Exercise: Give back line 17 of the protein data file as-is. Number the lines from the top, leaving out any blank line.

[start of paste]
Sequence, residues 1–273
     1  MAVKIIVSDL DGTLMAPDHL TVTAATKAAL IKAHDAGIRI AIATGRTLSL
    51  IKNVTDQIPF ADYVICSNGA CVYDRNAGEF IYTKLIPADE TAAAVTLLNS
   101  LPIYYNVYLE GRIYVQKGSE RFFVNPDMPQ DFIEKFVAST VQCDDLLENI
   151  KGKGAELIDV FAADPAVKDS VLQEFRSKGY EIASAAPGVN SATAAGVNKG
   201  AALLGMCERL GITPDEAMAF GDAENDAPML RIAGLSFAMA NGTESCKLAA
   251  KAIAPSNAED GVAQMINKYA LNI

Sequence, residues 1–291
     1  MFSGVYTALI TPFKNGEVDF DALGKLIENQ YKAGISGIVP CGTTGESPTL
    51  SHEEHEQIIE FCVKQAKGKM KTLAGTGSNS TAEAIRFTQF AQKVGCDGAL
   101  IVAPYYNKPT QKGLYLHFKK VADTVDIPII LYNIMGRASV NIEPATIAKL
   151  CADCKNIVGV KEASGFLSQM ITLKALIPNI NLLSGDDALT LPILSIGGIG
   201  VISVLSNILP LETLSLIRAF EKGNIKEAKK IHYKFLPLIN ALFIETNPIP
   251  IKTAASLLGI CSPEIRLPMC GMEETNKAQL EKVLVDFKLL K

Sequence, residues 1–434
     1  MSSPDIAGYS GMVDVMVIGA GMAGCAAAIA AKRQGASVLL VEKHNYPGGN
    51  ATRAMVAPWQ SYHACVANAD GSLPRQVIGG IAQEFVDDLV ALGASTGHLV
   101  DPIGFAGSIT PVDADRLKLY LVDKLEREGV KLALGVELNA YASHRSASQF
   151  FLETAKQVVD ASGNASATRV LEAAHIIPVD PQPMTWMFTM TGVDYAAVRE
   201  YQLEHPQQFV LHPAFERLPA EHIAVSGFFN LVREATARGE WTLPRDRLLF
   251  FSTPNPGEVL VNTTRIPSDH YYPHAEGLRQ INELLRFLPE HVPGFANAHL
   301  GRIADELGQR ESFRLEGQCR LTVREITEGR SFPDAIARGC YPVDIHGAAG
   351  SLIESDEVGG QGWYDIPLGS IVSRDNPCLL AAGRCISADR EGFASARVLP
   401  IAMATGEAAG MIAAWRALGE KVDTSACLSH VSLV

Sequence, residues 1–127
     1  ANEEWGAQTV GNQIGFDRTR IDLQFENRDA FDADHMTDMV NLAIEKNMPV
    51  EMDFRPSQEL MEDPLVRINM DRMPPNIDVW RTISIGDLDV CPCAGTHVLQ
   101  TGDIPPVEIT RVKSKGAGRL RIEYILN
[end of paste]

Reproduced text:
    51  ATRAMVAPWQ SYHACVANAD GSLPRQVIGG IAQEFVDDLV ALGASTGHLV